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N.S. daycares remain open, but grapple with staffing challenges

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'We definitely need to continue to be able to run our businesses in order to support families'
Julian, Jack
Publication Date: 
5 Jan 2022


Nova Scotia daycare operators say they are committed to staying open through the current Omicron wave of the pandemic, but are grappling with the same staffing challenges as other employers.

"All workforces are struggling," said Lee Anne Eveline, the director of early learning and child-care programs at the Nova Scotia College of Early Childhood Educators.

Eveline remains optimistic daycares will be able to stay open despite the staffing challenges created by COVID-19 infections, plus the isolation periods related to possible exposures.

"We definitely need to continue to be able to run our businesses in order to support families ... and if families are able to work then that helps keep the economy going," Eveline said. 

Closures hard on working parents

The executive director of the Halifax YWCA, Miia Suokonautio, agrees. The YWCA runs two large daycare centres, and helps manage roughly 40 home daycares that together provide care for 600 children in the Halifax area. 

Many of them are from lower-income families who receive provincial subsidies for their daycare spaces. 

Suokonautio notes daycare closures disproportionately affect parents with jobs that can't be done from home. 

"We're very, very cognizant of the fact that closure should be our very last option, because of the extraordinarily adverse impact that it has on everybody involved," she said. 

Suokonautio said uncertainty around COVID-19 is already making it difficult to schedule time off for employees, exacerbating an existing problem of a lack of qualified backfill staff. 

"Smaller family home daycares, they're extremely vulnerable because they don't have any backup, and they tend to be one-person shops. So if that one family home daycare provider is ill or exposed, that centre won't be able to operate at all," she said.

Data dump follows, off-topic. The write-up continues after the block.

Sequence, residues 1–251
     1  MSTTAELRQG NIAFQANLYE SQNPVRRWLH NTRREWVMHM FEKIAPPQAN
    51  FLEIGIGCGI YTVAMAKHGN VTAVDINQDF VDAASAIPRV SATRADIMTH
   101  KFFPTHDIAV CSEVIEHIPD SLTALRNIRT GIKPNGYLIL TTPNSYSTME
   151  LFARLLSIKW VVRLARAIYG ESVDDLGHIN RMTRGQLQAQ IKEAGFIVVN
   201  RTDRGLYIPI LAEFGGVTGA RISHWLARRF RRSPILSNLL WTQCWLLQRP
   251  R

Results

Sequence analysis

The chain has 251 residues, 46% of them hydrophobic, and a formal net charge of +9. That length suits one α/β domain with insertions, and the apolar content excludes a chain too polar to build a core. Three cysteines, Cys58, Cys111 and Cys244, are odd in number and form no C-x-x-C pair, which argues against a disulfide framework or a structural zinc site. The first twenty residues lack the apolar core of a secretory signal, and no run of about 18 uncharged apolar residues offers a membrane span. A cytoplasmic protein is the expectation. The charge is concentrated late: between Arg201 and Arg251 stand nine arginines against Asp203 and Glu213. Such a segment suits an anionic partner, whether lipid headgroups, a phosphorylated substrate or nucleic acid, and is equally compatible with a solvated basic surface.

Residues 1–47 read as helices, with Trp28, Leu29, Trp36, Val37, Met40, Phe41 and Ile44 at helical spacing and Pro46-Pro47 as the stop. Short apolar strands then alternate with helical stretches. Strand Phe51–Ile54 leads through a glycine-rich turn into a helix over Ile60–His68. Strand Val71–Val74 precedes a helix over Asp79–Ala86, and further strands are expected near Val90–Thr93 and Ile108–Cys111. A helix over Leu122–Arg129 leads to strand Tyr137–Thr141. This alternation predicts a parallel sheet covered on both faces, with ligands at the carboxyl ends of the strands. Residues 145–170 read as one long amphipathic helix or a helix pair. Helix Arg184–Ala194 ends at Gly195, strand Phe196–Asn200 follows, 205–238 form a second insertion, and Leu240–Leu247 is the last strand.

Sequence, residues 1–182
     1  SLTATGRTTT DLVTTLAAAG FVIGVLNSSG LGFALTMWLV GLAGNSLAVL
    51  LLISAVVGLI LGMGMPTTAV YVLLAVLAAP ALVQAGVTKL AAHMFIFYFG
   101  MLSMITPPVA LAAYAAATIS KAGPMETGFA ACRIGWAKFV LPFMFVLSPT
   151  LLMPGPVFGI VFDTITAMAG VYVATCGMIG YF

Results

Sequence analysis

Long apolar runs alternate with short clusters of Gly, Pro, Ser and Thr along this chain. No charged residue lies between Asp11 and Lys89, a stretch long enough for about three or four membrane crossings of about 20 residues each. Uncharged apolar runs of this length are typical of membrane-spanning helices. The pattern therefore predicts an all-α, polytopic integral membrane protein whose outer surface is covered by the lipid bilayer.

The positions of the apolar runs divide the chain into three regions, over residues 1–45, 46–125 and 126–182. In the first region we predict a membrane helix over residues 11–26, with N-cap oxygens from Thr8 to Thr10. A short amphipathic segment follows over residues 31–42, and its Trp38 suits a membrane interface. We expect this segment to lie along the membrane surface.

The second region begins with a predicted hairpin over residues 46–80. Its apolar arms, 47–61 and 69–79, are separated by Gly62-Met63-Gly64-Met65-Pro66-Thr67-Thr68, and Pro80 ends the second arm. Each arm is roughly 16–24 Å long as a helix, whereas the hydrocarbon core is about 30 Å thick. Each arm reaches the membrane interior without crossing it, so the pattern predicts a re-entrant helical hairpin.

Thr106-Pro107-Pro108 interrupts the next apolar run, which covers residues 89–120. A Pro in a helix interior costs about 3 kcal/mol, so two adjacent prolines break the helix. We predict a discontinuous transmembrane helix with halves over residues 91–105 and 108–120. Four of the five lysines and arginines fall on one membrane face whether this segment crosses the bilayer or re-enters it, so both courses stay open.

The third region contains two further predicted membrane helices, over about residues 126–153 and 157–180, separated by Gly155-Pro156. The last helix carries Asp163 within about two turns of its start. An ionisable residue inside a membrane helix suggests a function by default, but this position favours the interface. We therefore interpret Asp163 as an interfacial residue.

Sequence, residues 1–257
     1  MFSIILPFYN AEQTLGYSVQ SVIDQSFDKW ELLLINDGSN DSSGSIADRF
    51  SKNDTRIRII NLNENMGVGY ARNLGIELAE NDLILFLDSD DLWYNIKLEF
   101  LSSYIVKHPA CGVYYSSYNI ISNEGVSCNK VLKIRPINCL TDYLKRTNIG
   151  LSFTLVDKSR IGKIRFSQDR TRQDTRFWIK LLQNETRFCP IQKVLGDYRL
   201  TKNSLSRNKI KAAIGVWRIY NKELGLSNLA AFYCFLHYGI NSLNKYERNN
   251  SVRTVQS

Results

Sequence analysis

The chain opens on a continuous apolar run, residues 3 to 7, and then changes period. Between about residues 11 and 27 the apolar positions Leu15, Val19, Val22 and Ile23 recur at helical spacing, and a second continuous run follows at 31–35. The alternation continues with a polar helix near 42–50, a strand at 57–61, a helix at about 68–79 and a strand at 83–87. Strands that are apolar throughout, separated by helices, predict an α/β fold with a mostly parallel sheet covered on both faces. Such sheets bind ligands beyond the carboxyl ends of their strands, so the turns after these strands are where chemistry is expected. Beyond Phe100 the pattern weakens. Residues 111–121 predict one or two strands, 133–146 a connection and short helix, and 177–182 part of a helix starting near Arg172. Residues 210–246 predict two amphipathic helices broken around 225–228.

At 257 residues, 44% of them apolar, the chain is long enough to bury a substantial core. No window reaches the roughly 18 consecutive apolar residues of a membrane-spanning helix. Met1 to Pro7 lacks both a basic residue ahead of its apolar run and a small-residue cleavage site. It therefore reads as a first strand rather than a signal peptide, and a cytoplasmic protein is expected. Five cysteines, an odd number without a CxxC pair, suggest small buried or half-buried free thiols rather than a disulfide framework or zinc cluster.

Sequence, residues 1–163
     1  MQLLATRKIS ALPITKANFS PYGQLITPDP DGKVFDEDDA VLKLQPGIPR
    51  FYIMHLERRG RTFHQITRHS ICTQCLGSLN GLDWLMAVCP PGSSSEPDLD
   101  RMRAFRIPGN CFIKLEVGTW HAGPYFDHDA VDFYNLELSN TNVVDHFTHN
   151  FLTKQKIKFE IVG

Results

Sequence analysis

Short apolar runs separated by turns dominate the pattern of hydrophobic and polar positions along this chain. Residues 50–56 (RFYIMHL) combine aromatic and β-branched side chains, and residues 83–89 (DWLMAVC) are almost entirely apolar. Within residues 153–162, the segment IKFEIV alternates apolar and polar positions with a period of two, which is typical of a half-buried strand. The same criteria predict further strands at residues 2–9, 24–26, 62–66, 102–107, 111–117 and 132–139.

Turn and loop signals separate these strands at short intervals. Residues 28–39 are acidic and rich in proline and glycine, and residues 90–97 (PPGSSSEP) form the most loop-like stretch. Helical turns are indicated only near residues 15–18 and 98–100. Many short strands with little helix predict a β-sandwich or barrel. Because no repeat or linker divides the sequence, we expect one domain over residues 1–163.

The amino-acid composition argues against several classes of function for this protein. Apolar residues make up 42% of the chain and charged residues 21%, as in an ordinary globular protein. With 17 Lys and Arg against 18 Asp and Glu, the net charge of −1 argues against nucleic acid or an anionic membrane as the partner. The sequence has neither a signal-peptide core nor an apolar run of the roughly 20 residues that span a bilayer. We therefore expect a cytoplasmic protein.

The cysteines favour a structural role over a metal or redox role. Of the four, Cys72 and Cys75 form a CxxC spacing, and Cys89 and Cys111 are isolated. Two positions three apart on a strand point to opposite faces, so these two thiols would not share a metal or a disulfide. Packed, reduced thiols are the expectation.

P.E.I. will allow close contacts to keep working

On Dec. 30, the government of Prince Edward Island debuted a "test-to-stay" policy for essential workers, although it said it will be used "very sparingly." The protocol allows those who are close contacts but don't have COVID-19 symptoms to undergo regular testing so they can continue working.

P.E.I. has stipulated that essential workers under the "test-to-stay" program must isolate when they are not at work.

"This policy is not without risk and will be used very sparingly," according to a statement from P.E.I. Health and Wellness. 

Nova Scotia Health Department spokesperson Marla McInnis said a "test-to-stay" program for daycares is unwise in this province, given the current prevalence of COVID-19.

"We have to use our testing resources carefully," she said in an email. "Workplaces that are currently receiving rapid tests are those that serve populations that are at the greatest risk for severe outcomes from COVID-19."

Meanwhile, MacInnis said the primary use of rapid tests is for members of the public who have symptoms or are close contacts of known COVID-19 cases. 

Suokonautio of the Halifax YWCA said she never liked the sound of the "test-to-stay" protocol. 

"This would be a bit tricky as the messaging is, 'You're well enough to work but not well enough to be out in community.' Implementing this type of messaging would be super hard," she said. 

Financial support

The Nova Scotia government provided financial support during earlier pandemic lockdowns when daycares were closed by order of Public Health. 

Those payments ended in September, and the Nova Scotia Department of Education is currently recommending all daycares remain open. 

However, Education Department spokesperson Jenna MacQueen said in an email more financial support is possible if a daycare has to close. 

"The department has continued to support child-care centres throughout the pandemic, that may include financial support in the event that a child-care centre is required to close by public health," she said. 

Eveline, with the Nova Scotia College of Early Childhood Educators, said the government could support the sector by managing a temporary program to increase the pool of available early childhood educators (ECEs) to respond to acute staffing shortages. 

"We must have Level 2 or Level 3 classified ECEs working in our child-care centres. That is the protocol that we must follow," she said. 

"If we were able to appropriately vet a person who was a Level 1 to come and work for us, then that would be something that would help if we were in that position."

Paid sick leave

Suokonautio said she'd like to see the provincial government fund sick days for all daycare workers, especially in smaller businesses. 

"Preferable would be to allow staff to be home on paid sick leave if they're close contacts or symptomatic," she said. "Yes, this would cause staffing challenges but if the end game is to prevent further spread and illness, then this seems reasonable."

The Nova Scotia government said last month it will bring back a paid sick leave program. It is expected to launch Monday and will run for two months. Those who must take time off work due to COVID-19 could be eligible for up to four paid sick days. More details are expected to be released this week.